The East Point Military Museum was established in 1965 by the Royal Australian Artillery Association and was officially opened on 16th August 1969. Located in an old bunker that served as a command post for artillery fire control, it was Darwin's first museum. Through the late 60's and 70's local and interstate collectors donated equipment and items of interest for the museum to display. While primitive in exhibition techniques, the museum did attract a fair amount of interest due to its collection of war paraphernalia. One of the projects undertaken was earth removal around the No.2, 9.2 inch gun emplacement. Entrance to the museum at that time was the donation of a silver coin.
Throughout the 80's, the museum's collection grew as interest about Darwin's dark history became more evident to the public. An automated slide show was added in the early 80's and was replaced in 1987 by a continuously running 15 minute video showing dramatic footage of the Japanese bombing Darwin. Display techniques continued to improve along with visitations from the public.
In 1991 the committee of the Royal Australian Artillery Association appointed a full time manager to handle the operations of the museum. This was coupled with plans to substantially upgrade the museum's presentation and facilities to meet the demands of local and international visitors. Late in 1995, the museum was refitted with new exhibits on loan from the Museums and Art Galleries of the Northern Territory. The artefacts on loan comprised mainly of weapons from what is now known as the Bell collection. Apart from the new exhibition, long overdue air-conditioning was installed to the command post building to maintain precise atmospheric control over the weapons collection.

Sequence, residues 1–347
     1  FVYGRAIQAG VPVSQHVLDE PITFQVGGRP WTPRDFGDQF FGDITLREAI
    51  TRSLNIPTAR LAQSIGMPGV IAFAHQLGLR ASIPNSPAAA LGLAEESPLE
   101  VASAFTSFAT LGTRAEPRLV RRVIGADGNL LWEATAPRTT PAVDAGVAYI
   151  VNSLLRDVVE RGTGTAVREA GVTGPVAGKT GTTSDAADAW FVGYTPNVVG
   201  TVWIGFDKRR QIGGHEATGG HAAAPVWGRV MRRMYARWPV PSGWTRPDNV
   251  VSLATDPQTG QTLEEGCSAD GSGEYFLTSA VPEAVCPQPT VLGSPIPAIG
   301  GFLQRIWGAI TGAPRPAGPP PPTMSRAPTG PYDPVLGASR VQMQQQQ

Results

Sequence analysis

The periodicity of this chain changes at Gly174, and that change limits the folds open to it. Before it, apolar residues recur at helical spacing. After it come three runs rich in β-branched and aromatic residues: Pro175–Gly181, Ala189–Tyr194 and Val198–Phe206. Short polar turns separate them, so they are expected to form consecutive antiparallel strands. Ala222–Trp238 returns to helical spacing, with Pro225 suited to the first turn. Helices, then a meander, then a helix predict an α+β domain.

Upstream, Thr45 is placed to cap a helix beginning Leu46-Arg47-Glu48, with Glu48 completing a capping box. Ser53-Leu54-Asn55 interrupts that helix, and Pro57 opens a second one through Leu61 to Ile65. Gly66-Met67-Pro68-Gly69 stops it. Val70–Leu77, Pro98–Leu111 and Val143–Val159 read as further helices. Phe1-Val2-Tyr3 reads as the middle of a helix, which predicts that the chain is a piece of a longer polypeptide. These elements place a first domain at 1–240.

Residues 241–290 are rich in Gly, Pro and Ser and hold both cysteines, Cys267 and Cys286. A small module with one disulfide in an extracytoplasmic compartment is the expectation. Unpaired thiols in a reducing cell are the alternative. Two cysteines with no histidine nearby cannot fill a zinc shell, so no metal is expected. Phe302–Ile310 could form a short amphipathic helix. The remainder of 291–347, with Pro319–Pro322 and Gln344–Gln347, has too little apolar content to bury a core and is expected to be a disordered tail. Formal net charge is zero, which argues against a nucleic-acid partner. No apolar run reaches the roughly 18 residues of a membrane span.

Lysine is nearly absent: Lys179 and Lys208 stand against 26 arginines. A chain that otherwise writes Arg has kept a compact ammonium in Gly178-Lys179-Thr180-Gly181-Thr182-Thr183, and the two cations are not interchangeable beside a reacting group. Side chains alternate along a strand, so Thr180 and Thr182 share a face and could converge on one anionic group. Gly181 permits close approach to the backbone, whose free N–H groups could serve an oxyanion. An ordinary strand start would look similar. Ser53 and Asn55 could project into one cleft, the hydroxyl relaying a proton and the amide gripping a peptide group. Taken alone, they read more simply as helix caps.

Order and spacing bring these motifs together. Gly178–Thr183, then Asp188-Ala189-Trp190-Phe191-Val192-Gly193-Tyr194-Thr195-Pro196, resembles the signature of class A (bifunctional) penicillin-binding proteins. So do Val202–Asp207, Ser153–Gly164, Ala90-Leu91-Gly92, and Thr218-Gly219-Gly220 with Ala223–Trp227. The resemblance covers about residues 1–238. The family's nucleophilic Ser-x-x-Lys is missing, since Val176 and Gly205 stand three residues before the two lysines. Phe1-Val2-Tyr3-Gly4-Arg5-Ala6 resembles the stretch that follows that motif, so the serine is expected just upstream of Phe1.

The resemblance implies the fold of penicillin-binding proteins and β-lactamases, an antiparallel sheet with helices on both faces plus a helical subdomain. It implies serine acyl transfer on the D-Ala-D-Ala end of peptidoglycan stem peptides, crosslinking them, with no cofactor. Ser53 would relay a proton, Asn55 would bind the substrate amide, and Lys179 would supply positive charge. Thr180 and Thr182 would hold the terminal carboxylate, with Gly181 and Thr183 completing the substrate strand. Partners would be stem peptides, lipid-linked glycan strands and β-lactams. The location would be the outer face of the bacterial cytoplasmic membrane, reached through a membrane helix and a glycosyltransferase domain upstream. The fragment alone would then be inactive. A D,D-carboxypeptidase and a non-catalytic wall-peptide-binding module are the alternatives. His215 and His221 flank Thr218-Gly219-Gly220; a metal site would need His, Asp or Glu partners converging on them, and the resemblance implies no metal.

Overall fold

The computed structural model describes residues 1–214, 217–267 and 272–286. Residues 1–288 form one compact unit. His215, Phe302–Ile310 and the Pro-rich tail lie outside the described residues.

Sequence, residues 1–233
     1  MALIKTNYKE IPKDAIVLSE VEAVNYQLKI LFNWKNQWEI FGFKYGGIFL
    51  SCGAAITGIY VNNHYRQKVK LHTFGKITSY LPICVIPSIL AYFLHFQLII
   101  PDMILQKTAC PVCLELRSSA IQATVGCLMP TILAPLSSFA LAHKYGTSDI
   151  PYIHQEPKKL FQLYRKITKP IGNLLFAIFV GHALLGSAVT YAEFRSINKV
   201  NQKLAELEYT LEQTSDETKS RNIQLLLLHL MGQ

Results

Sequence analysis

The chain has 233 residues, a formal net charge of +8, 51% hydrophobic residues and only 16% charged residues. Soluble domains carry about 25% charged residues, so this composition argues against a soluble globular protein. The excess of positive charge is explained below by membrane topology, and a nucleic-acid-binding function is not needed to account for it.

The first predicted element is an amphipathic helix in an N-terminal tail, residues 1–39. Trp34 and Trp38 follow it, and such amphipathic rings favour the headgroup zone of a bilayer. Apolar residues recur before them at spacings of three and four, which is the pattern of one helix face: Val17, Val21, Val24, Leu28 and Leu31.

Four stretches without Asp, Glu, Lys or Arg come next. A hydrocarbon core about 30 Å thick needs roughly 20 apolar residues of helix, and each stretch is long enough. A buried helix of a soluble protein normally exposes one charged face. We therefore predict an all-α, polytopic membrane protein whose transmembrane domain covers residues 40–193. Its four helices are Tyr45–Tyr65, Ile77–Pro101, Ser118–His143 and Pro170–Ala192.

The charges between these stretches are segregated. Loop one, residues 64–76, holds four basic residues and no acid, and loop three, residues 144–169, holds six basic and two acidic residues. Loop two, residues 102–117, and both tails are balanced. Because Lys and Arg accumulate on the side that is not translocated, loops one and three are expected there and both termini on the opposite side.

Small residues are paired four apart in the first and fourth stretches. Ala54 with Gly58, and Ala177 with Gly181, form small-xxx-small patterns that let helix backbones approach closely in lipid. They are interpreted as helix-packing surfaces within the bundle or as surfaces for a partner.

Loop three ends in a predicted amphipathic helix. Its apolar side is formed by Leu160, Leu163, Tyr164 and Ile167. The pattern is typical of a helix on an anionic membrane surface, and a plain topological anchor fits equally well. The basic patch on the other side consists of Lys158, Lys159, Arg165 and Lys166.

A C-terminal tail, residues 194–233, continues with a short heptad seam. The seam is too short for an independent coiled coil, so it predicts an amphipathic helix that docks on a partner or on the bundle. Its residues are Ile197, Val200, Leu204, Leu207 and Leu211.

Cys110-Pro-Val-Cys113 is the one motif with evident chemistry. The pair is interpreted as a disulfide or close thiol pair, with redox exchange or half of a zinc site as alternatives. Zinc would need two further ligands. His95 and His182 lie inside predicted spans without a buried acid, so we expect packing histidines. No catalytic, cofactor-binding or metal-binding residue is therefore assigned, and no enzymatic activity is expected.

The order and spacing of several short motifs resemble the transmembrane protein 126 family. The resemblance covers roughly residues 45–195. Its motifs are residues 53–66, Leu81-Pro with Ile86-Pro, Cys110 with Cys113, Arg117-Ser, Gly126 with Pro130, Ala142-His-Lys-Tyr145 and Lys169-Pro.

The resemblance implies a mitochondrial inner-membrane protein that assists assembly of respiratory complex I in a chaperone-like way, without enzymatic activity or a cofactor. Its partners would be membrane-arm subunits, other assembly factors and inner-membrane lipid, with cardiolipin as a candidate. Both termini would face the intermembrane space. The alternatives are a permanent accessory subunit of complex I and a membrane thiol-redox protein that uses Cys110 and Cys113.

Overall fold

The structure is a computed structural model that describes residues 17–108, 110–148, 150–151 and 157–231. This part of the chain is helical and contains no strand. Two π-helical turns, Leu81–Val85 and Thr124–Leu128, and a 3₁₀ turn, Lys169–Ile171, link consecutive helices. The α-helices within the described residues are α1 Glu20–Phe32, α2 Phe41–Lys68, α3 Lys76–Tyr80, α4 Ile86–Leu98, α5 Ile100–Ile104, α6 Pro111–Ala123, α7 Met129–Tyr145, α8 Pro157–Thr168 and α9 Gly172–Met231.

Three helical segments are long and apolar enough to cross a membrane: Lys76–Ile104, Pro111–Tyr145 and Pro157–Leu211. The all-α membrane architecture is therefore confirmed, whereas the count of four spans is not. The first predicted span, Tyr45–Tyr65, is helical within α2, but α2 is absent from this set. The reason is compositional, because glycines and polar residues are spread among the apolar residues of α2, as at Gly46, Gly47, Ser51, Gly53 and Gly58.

In November the museum established a display of banned "D" class weapons. Some of these are being donated to the museum by the owners as a result of the national buy-back scheme. This action has pleased many ex-owners who see the opportunity to display and preserve some of these historically precious artefacts.
Work commenced in early 1997 on the condensing of the display area. This involved the removal of many non-indigenous trees and the planting of almost 100 various types of flora to act as natural screenings. The various artillery and vehicle artefacts will be placed close to the main exhibit area to enable visitors to see the entire collection in a much smaller and readily accessible area.